When you have known a person for more than fifty years, you occasionally like to spring a surprise on him. Just to show you can.
So today when I realised that I could get all the way home from the Middle of the Darling Daughters’ home by the ridiculously early time of 11.30 a.m. I decided to extend my journey (two trains thus far) by taking a bus and turning up at the Heene
Community Centre in time to surprise Mr B in the coffee lounge there. I knew exactly where to find him recovering from the weekly Singing for Pleasure choir session. All the way in the bus, and all the way along the road leading to the Community
Centre, I hugged to myself the anticipation of seeing his face when he saw me across a crowded room. “Surprise! Surprise!” I would carol, in my best Cilla Black voice. I even practised it a few times. Well, not on the bus, even I am not that silly
– but under my breath as I trotted along Heene Road. Wouldn't he be SO surprised to see me?
It’s a funny thing about surprises. I have never
particularly wanted to be whisked away on a surprise holiday, for example, because I always think part of the excitement of a holiday is the anticipation. It’s the buying of the guide book, the turning out of the wardrobe in the search for summer sandals,
the weighing up the value for money of one sun cream against another. Plus the endless conversations about where shall we go, what shall we do, what will we see. To be taken by surprise would take a lot of the fun out of a holiday for me.
I do remember being invited to a Surprise Birthday Party once. The Birthday Girl had been kept well away all through the day at a health spa. She had clearly had a
wonderful, relaxing day and I have to say that I caught a glimpse of her face when she turned up at the pub where she was looking forward to a quiet drink only to find thirty of her close and not-so-close friends all ready to trip the light fantastic. Her
poor face went through a whole range of emotions in a matter of seconds. “What a surprise!” she said, weakly – then, catching sight of her husband’s beaming smile: “WHAT a surprise!” she repeated, with something so
nearly approaching rapture that she won my unreserved admiration.
I had a rather unfortunate surprise myself today. Last Sunday I had been congratulating myself for firing off three separate News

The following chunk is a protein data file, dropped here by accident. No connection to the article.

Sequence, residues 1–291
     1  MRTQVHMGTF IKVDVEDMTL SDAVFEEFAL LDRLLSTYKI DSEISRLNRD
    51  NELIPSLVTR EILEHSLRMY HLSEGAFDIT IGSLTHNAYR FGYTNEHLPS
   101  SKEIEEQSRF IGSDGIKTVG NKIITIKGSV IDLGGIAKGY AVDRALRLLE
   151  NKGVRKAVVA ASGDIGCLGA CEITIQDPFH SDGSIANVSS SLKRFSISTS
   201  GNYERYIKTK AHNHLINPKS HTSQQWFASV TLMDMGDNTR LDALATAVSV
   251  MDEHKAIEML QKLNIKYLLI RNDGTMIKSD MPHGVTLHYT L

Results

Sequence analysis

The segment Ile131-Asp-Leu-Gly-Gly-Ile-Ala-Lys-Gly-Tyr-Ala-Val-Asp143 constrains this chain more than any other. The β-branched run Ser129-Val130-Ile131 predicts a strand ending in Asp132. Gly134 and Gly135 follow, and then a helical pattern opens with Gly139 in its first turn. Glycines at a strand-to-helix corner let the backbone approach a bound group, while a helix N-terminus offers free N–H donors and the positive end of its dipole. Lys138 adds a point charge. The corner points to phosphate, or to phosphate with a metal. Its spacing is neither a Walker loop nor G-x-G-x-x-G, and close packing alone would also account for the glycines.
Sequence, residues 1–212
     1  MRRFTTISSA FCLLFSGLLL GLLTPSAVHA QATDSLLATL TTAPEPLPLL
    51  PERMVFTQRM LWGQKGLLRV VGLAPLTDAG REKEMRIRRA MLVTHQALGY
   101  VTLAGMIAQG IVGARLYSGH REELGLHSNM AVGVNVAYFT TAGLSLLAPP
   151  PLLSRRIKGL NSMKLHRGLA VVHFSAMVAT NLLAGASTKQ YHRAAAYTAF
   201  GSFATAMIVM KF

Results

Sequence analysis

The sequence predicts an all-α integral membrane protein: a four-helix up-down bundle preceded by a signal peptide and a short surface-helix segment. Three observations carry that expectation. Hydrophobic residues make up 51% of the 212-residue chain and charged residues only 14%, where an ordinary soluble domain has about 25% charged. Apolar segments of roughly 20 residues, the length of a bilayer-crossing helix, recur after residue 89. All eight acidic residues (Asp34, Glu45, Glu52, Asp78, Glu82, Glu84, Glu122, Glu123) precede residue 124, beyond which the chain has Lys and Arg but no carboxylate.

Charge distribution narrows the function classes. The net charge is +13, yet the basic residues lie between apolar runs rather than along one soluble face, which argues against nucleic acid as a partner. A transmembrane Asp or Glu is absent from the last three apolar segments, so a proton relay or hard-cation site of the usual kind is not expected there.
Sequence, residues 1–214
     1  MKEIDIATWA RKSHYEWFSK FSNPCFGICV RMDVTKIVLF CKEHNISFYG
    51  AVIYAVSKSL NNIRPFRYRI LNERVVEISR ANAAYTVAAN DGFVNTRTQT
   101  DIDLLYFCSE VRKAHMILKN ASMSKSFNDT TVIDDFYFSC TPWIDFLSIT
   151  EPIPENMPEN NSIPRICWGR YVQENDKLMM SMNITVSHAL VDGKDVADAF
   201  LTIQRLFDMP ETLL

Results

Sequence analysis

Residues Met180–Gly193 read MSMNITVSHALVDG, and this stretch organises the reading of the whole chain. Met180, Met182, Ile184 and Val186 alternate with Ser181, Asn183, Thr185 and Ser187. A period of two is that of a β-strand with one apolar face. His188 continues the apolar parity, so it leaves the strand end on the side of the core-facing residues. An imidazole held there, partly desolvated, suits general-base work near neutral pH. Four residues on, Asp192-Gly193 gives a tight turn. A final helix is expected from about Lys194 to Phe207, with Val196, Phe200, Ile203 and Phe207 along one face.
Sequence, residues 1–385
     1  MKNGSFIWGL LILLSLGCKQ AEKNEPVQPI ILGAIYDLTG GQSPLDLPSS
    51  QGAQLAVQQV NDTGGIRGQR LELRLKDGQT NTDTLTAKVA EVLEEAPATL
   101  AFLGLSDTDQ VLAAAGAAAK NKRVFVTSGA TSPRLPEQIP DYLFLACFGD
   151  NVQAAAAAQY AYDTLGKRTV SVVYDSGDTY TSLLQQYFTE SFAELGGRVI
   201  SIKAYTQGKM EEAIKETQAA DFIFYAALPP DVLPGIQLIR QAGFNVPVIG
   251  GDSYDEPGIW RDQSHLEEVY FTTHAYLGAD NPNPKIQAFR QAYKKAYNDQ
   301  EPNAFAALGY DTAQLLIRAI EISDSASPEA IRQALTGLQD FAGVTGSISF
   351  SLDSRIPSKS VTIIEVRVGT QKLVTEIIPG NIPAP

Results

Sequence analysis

Releases to local papers in the Basingstoke area to promote the next production of the Limelight Theatre Group. All three papers responded positively that they would be using my wise words in future issues. The first article appeared yesterday and, due
to some inexplicable computer glitch, it includes a random paragraph which has nothing at all to do with “Fame”. Instead there’s a quote from my young friend Connor, who played the part of Horton the Elephant in the Limelighters’ last
production of Seussical Jr, waxing lyrical about what fun it is to lollop about like a elephant, rather than walking. Now let’s be clear about this: there are no elephants in “Fame”. Nor do any of the characters lollop. At least, not
as far as I am aware.
Of course it may be that this is all a cunning ploy by Connor to ensure that nobody is allowed to forget his truly sterling performance as
Horton the Elephant. I imagine it would be perfectly possible for someone gifted in computer technology (in addition to lolloping) to embed a totally random paragraph in my otherwise excellent and accurate News Release. Obviously this is not something
I would be able to do for myself (even if I wished to). I’m not too good at lolloping either. I have now sent amended News Releases out, complete with grovelling apologies and am hoping there will be no more mentions of That Elephant and, hence,
no more unpleasant surprises. Unless, of course, Connor (aka Horton the Elephant) knows differently...
I expect you are wondering about my reception this morning
when I turned up at the Heene community centre. Did he rise from his seat, spilling his coffee as he moved in exquisite slow motion towards me, gathering me into his welcoming arms with a sob of happiness? Well, no, not exactly. I was a teeny bit
disappointed, if you really want to know, as Mr B took it all completely in his stride. He was pleased to see me, of that I am in no doubt – but he didn’t look the least bit, well, overwhelmed at my unexpected appearance at his side. He did
stand up - and he did give me a kiss and a couple of pounds so that I could join the queue at the counter and order myself a coffee and a bacon bap.
I should have
tried lolloping towards him, in true Horton fashion. Now that would have surprised him.
Or, quite possibly, not.